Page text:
The innovators of Deathcore Stayed Sharp While Cannabis Corpse Preferred a Blunt-er Approach
Band Photo: All Shall Perish (?)
The dark, dank halls of Red 7 summoned the youthful masses to see two leading groups of today’s breakdown-heavy metal scene. Speaking of dank, weed grinding death metallers, Cannabis Corpse complimented The Black Dahlia’s core-meets-death sound with a more traditional, Florida death metal offering. Although Red 7 didn’t overcrowd the bill with locals—The Black Dahlia Murder, All Shall Perish and Cannabis Corpse were afforded long set times—a lone local band warmed up the PA system. I didn’t catch this group’s name nor can I “breakdown” their performance. What I can say, though, is their bouncy, burlesque sound proved the ideal style for the night’s lime-lighted acts.
In the case of Red 7’s lighting system, the colored-coded adage listed above denotes strict figurative usage. Fluorescent light bulbs could have been a fitting source of light for Cannabis Corpse and equally illuminated the group. The stoners blazing blunts at the front of the stage meant even lesser light for photography. Those out of range from smelling the sweet leaf might have thought, “Wow, they’re using dry ice! Nice fog effect!” Rolling audio brutality into symmetrically shaped jibs, the Virginia-based band force-fed the crowd a meal of slamming grooves, katana-bladed guitar tones and slick bass solos.
Andy 'Weedgrinder' Horn pushed out screams owing to George Fisher’s vile-natured highs and Chris Barnes indecipherable lows. Instead of utilizing known fill-in words such Tom G. Warrior’s famous “Heeey” or Rob Zombies “Yeaaah,” Weedgrinder threw out quick, fitting phrases such as “get high.” Led by the Hall brothers--Municipal Waste bassist, Phil “Landphil” Hall and drummer Josh 'HallHammer' Hall, the quartet’s frenetic head banging super-charged Mary Jane horror film scenarios songs. “Blazing” through material from such Cannibal Corpse parodied albums as “Tubes of the Resonated” and “Blunted at Birth,” set highlights included “Sentenced to Burn One,” “Dead by Bong” and set closer “Skull Full of Bong Hits.”
Dreadlocked singer Hernan Hermida took a defensive stance early in All Shall Perish’s set. He pleaded to the crowd not to throw their glass-bottled beers on stage. Everyone took his words to heart, keeping the show from falling into bloody chaos. The death metal fans who strictly came to see Cannabis Corpse could have expressed their dislike for the group’s metallic hardcore style, but were probably too stoned to give a shit. The Oakland act’s bouncy breakdowns instigated a concrete moon walk, and noodling, guitar scales invoked a sea of fluidly moving fingers in front of the stage.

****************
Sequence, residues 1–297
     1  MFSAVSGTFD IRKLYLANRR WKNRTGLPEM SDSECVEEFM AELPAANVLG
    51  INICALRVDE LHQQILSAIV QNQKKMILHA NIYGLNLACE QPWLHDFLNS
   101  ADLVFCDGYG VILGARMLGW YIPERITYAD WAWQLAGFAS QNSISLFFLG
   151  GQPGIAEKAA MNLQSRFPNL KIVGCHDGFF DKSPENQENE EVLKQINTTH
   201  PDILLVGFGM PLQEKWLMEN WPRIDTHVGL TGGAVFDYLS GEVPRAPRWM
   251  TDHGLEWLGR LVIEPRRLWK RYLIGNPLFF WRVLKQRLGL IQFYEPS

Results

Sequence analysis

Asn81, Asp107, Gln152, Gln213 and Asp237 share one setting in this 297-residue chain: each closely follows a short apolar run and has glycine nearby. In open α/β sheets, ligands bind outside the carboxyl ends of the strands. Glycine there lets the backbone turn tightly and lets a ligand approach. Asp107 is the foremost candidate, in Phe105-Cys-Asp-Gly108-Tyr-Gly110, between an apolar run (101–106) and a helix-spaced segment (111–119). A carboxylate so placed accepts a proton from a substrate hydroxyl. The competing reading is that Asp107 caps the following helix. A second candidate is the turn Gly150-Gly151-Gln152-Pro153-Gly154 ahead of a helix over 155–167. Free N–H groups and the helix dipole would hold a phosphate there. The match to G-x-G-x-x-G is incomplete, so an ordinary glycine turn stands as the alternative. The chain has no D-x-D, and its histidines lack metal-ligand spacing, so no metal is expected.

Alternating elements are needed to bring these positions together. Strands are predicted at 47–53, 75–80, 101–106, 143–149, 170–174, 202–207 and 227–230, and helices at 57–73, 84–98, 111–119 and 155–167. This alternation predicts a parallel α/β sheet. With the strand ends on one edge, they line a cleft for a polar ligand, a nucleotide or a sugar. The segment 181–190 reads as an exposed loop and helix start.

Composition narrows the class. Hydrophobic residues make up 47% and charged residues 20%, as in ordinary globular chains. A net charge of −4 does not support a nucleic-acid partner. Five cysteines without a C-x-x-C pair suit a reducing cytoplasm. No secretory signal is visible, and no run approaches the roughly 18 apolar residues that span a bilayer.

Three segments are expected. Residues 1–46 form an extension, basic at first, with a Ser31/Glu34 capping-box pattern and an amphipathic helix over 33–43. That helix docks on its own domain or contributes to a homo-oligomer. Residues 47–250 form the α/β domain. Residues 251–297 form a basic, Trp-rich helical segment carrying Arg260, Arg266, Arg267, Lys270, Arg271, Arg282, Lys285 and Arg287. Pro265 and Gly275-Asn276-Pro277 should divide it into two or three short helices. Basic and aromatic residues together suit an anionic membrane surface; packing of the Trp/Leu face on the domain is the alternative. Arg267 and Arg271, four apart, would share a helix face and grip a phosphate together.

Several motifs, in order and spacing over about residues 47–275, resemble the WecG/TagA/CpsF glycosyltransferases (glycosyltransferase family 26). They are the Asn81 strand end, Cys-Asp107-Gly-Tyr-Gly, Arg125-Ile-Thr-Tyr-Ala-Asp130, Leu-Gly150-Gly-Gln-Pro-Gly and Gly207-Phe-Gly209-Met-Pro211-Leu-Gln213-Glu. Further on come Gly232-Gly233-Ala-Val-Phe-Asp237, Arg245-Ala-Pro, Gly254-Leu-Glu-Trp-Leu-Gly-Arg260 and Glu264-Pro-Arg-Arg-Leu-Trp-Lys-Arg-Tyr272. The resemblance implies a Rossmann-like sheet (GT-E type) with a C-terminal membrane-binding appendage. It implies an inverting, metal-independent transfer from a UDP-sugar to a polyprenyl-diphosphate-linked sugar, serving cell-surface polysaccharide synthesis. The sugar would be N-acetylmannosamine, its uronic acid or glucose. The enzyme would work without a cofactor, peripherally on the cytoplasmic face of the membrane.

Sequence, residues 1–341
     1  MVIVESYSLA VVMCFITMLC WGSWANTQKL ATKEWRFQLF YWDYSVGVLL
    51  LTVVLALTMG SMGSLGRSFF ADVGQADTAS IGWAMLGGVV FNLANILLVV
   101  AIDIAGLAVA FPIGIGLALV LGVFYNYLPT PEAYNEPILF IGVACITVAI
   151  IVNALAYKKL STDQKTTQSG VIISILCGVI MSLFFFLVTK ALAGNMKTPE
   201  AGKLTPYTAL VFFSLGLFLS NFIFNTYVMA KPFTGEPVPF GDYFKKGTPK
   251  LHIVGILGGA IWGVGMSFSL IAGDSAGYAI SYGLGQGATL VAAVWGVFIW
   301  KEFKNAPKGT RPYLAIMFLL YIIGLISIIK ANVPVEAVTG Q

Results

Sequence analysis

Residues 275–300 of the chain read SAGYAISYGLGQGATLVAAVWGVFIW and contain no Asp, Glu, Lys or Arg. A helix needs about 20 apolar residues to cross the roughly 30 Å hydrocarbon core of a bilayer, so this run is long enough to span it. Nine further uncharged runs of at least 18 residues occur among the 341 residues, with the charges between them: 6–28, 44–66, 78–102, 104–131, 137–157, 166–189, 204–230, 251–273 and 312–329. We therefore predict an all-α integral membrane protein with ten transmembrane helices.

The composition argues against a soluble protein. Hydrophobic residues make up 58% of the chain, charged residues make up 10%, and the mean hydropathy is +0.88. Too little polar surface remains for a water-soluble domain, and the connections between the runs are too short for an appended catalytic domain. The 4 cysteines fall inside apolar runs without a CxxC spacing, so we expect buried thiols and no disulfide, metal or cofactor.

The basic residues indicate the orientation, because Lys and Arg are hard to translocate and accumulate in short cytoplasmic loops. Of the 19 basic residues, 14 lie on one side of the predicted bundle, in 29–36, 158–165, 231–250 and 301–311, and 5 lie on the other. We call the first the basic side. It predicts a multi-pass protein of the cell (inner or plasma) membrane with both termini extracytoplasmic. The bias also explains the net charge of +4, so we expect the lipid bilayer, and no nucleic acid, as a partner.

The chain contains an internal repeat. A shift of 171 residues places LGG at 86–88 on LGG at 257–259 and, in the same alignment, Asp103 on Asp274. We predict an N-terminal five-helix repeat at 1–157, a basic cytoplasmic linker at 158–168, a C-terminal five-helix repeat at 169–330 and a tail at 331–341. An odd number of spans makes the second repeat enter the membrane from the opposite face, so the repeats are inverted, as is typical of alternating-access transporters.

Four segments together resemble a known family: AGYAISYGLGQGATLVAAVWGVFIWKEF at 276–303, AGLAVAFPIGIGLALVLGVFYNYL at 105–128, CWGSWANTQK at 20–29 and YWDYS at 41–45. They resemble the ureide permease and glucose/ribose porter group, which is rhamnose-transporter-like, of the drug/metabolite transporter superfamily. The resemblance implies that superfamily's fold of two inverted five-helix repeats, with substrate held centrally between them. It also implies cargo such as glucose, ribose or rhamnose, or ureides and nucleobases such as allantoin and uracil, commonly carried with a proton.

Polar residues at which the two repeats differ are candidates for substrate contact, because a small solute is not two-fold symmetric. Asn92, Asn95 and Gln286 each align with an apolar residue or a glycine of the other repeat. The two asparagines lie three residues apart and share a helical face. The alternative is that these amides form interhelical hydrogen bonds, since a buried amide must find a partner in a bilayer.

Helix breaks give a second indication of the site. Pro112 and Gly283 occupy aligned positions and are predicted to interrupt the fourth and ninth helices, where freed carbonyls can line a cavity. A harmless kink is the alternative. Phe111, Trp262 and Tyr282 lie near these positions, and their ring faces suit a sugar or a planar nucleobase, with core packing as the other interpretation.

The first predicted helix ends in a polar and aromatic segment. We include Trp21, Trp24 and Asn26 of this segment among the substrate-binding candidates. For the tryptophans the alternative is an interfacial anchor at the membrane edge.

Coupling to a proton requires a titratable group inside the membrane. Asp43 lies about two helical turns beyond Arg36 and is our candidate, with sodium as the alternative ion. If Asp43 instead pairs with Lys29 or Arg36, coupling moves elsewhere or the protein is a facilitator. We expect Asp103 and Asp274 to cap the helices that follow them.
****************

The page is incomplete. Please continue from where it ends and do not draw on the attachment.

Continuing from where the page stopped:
After watching All Shall Perish’s set, I could see why their performance moved so many attendees. From melody to brutality, simple, bludgeoning guitar parts to complex, flowing solos—the group conveyed the most popular aspects of the metalcore sound. Even though Hernan Hermida’s emotive, clean vocal parts caused a twitch in my face, some of the realism in their lyrical topics struck home.
While the novelty of deathcore wore out its welcome several years ago, one should respect The Black Dahlia Murder. Sure, deathcore has become trendy, but these guys started the trend. Back in 2003, I watched The Black Dahlia Murder open a Detroit gig. Just a few months shy of signing with Metal Blade, The Black Dahlia found little appeal with the power metal-minded fans that had come out to see Blind Guardian. My friend and I liked their t-shirts and At The Gate’s influence. Tonight’s performance refreshed my mind as to what drew me to the band in their early days.
From lineup changes to stylistic explorations, The Black Dahlia Murder is hardly the band I saw in ’03. Trevor Strnad and Brian Eschbach are the remaining members from those days. Both still exude a fine stage presence, especially Strnad. His bold postures, enlivened hand gestures and crowd interaction help define his dramatic stage flair. Although sped up considerably from the thrash style drumming of Gothenburg bands, Shannon Lucas seemed slow and bouncy compared to the hyper blasters of today’s death metal scene.
Regardless of drumming style and band members, the crowd banged their heads and moved their hands and fingers in quick succession to Black Dahlia’s performance. The Detroit act’s set catered to old and new fans alike. Tracks from the 2007 release “Nocturnal” exemplified the group’s ability to experiment, showing a vampiric black metal influence. Of course, the group had to include a few tracks from their most recent album “Ritual.” Two older highlights included the Donkey Kong Rampaging “Statutory Ape” and personal set favorite “Funeral Thirst.”
All bands took advantage of long sets, but the lack of more openers led to an early exit. After playing a couple more songs to appease the crowd’s insistence for an encore, Black Dahlia left the stage around midnight, an early time for the Austin club scene. The fact the show was on a weekday and the influx of minors may have played a hand in this decision, too. This allowed the bands more time to speak to their fans, another reason The Black Dahlia Murder has built such a large fan base.
Check back in to Metal Underground for a photo gallery of the show and interview with Cannabis Corpse.
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